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A Lifetime Burning Paperback – 6 Apr 2013


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Product details

  • Paperback: 370 pages
  • Publisher: CreateSpace Independent Publishing Platform (6 April 2013)
  • ISBN-10: 1482637359
  • ISBN-13: 978-1482637359
  • Product Dimensions: 14 x 2.4 x 21.6 cm
  • Average Customer Review: 4.5 out of 5 stars  See all reviews (82 customer reviews)
  • Amazon Bestsellers Rank: 497,933 in Books (See Top 100 in Books)

More About the Author

Linda Gillard is the author of seven novels and she lives in the Scottish Highlands.

Linda graduated from Bristol University, then trained as an actress at the Bristol Old Vic Theatre School. Whilst under-employed at the National Theatre, she developed a sideline as a freelance journalist. She ran two careers concurrently for a while, then gave up acting to raise a family and write from home. At the age of 40 she re-trained as a teacher and taught for some years, then moved to the Isle of Skye where she lived for six years, writing full-time.

Linda's first novel, EMOTIONAL GEOLOGY was short-listed for the 2006 Waverton Good Read Award. STAR GAZING was short-listed for "Romantic Novel of the Year 2009" and "The Robin Jenkins Literary Award", the UK's first environmental book award.

Linda's fourth novel, HOUSE OF SILENCE quickly became a Kindle bestseller. It was selected by Amazon UK for their Top Ten "Best of 2011" in the Indie Author category.

UNTYING THE KNOT was awarded a B.R.A.G Medallion by the Book Readers' Appreciation Group, as was CAULDSTANE, Linda's latest bestseller, a gothic novel in the tradition of Daphne du Maurier and Mary Stewart. HOUSE OF SILENCE was recently awarded a third B.R.A.G medallion.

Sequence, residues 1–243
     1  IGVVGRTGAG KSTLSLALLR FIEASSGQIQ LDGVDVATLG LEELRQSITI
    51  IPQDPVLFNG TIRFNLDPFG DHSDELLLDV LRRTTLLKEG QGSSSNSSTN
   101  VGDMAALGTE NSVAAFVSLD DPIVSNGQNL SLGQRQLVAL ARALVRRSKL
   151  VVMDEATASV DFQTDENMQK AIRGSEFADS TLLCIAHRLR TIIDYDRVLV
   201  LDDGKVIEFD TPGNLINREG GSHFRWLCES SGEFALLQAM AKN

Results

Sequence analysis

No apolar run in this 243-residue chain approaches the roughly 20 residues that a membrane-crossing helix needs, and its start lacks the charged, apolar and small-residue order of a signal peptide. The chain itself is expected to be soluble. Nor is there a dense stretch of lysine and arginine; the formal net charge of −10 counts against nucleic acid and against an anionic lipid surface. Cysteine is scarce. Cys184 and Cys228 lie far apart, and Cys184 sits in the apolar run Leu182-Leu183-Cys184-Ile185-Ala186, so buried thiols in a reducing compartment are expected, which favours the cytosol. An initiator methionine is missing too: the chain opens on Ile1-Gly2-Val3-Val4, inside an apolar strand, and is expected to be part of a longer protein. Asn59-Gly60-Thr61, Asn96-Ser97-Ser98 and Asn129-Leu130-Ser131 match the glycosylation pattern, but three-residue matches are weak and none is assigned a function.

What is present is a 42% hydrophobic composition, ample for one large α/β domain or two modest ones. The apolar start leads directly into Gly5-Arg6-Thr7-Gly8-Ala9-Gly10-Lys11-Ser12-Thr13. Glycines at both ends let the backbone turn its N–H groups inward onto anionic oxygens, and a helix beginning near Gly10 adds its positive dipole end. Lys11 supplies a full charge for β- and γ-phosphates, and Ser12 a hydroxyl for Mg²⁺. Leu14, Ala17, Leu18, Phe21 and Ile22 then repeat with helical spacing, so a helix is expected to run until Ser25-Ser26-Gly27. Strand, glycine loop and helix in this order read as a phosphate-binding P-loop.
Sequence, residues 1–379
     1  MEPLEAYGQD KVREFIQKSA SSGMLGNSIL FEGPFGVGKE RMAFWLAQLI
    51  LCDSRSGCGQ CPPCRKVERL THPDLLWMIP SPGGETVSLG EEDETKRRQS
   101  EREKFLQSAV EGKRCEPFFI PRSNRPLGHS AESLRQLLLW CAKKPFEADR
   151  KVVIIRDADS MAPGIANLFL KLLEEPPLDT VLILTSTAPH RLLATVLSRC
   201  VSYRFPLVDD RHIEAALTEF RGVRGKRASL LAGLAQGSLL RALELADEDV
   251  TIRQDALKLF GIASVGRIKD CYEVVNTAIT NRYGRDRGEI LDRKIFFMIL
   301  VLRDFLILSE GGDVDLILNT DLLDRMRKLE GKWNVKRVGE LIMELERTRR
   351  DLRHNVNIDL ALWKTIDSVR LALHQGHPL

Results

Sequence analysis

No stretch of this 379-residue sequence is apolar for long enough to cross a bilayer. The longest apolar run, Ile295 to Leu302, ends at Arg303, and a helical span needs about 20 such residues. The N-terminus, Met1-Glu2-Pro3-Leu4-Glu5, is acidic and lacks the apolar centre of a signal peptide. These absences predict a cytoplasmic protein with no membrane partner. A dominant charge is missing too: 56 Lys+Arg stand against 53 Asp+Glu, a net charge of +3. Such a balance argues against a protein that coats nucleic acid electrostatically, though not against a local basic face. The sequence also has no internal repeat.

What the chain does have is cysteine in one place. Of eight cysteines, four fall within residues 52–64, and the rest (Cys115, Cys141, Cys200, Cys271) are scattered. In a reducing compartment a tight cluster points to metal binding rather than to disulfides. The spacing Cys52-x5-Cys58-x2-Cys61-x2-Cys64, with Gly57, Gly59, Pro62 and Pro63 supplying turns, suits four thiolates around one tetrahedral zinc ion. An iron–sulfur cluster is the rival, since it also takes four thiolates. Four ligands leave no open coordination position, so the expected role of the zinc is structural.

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Review

"An absolute page-turner! I could not put this book down and read it over a weekend." -- Lovereading.com, July '06

"Brilliant in every way, start to finish... The sheer beauty of this book is its biggest recommendation.' -- The Bluestalking Reader (bluestalking.typepad.com), July '06

"Disturbing themes sensitively explored... an emotional avalanche." -- Lochcarron Reading Group, NW Scotland --This text refers to an out of print or unavailable edition of this title.

About the Author

Linda Gillard lives in the Scottish Highlands and has been an actress, journalist and teacher. She is the author of six novels, including STAR GAZING, short-listed in 2009 for Romantic Novel of the Year and HOUSE OF SILENCE, which became a Kindle bestseller and was selected by Amazon UK as one of their Top Ten "Best of 2011 in the Indie Author category.

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Customer Reviews

4.5 out of 5 stars

Most Helpful Customer Reviews

18 of 18 people found the following review helpful By L. H. Healy TOP 500 REVIEWERVINE VOICE on 10 Jan. 2012
Format: Kindle Edition
As I write this, I am still thinking about this novel; it has stayed very much in my mind for days since finishing it. It is an enthralling, gripping story of several generations of the Dunbar family, and of forbidden, hopeless love that has tragic consequences. At the heart of the novel are twins Flora and Rory. Flora describes Rory as `my twin brother, my childhood companion, the other half of my life, the other half of my self', bringing to mind the feelings Cathy has about Heathcliff in `Wuthering Heights', of one not being whole without the other. I think it would be wrong to reveal much of the plot and themes here, as it adds so much to the experience of reading this novel if you discover it all for yourself page by page. Suffice it to say that the relationship between Flora and her nephew Colin, which is revealed in the synopsis of the novel, is by no means the only unorthodox pairing here. Music plays an important role in the book, with Rory emerging as a talented pianist, leaving Flora in his shadow. And endeavouring to be good, and `the possibility of loving and being loved in return', drives Flora and Hugh in particular.

The structure is inspired; the novel covers the years from the 1940's until 2000, but it is not a linear narrative, rather the author takes us backwards and forwards in time, and allows us to visit certain moments in the characters' lives. As the reader gets deeper into the novel, events take on new meanings, or more weight is given to a certain conversation or meeting, and truths are revealed. On finishing the book I, like many other readers, was keen to return to the first pages and read them again, knowing what I then knew, and understanding so much more.